From Antena3 here: 'The Federation of Evangelical Religious Entities of Spain (FEREDE) has asked their evangelical preachers to "avoid using their pastoral influence to condition the vote of believers" following the participation of an evangelical pastor in an event that was held this past weekend of the European People's Party under the slogan 'Europe is Hispanic'. The president of the PP, Alberto Núñez Feijóo, the president of the Community of Madrid, Isabel Díaz Ayuso, and the mayor of Madrid, José Luis Martínez-Almeida, all intervened in the event.'
InfoLibre runs an editorial considering the idea that 'any vote counts' under the shadow of the weekend prayer-meeting with the Evangelicals. It continues by taking a swipe at Núñez Feijóo, who, it says, sees himself as a candidate of the centre while we wonder if that's just another invention. '.Feijóo, yes, he may not know how to go on a protest march, but he will go on a trip to Europe to speak ill of Spain there, as many times as necessary; or draw an apocalyptic and false image of the current situation in our country and put sticks in the wheels that make it difficult to deliver more aid funds, which are so necessary after the effort we have made to get out of the quicksand of the recent pandemic.'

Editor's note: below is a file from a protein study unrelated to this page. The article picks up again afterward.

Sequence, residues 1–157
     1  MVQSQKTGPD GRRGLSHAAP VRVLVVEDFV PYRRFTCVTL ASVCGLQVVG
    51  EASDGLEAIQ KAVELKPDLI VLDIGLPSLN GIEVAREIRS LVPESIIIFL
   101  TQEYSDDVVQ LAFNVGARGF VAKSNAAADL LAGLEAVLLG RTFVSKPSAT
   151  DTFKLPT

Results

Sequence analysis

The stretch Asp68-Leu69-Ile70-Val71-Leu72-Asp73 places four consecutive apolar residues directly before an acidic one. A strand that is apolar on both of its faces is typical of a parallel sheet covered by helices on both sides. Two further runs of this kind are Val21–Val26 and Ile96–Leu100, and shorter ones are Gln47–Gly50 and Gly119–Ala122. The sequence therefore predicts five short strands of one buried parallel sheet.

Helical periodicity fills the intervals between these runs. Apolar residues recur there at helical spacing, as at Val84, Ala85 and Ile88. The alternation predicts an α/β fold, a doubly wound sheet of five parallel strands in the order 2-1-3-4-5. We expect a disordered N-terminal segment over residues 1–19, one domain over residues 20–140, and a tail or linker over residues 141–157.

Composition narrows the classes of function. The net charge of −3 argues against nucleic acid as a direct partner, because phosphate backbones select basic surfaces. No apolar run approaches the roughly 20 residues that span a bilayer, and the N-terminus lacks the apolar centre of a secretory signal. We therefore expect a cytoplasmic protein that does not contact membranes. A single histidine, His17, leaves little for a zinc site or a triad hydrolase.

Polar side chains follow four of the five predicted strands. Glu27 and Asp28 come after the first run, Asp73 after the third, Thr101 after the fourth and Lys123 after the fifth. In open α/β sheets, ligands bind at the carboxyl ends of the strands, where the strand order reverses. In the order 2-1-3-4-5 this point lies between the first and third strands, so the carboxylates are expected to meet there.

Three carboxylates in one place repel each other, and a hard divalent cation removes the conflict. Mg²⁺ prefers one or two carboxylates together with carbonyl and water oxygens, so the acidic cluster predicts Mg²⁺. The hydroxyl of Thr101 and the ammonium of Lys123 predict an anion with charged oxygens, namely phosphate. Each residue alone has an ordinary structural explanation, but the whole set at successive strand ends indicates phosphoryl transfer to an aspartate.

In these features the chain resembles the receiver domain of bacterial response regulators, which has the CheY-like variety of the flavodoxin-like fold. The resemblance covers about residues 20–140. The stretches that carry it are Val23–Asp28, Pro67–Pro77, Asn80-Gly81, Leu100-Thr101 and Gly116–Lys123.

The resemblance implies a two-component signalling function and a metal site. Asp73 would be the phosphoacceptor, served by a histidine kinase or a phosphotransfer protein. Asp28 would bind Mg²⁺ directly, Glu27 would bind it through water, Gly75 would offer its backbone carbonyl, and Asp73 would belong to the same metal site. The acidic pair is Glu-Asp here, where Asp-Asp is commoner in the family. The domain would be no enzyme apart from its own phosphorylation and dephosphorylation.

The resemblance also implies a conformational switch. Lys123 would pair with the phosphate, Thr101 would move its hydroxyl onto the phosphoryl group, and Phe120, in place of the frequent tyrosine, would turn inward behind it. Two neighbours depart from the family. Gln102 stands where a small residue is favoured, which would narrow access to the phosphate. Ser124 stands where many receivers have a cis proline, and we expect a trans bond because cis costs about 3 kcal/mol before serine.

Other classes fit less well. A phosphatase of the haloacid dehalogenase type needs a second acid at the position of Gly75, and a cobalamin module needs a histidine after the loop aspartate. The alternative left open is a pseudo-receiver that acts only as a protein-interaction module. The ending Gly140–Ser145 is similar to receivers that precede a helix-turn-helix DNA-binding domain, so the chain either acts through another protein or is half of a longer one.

Contrasting the partisan reaction to corruption, we read in 20Minutos that 'The PSOE wants to raise the "ethical standards" against corruption and targets the PP in the middle of an election year. "The two models can be confronted: one of a very high demand, and that of the PP, which coexists naturally with crimes," they say from the Government'. The Government coalition tends to quickly fire its occasional corrupt element says the article, while the PP usually hangs on as long as it can. In a similar vein, and looking at the courts, La Cope says: 'The PP needs to control the judiciary to cover up its crimes. The Minister of the Presidency, Félix Bolaños, claims that the PP wants to control the General Council of the Judiciary (CGPJ) (blocked for four years by the PP) "to cover up the crimes it commits and stop the progressive laws" of the Government'.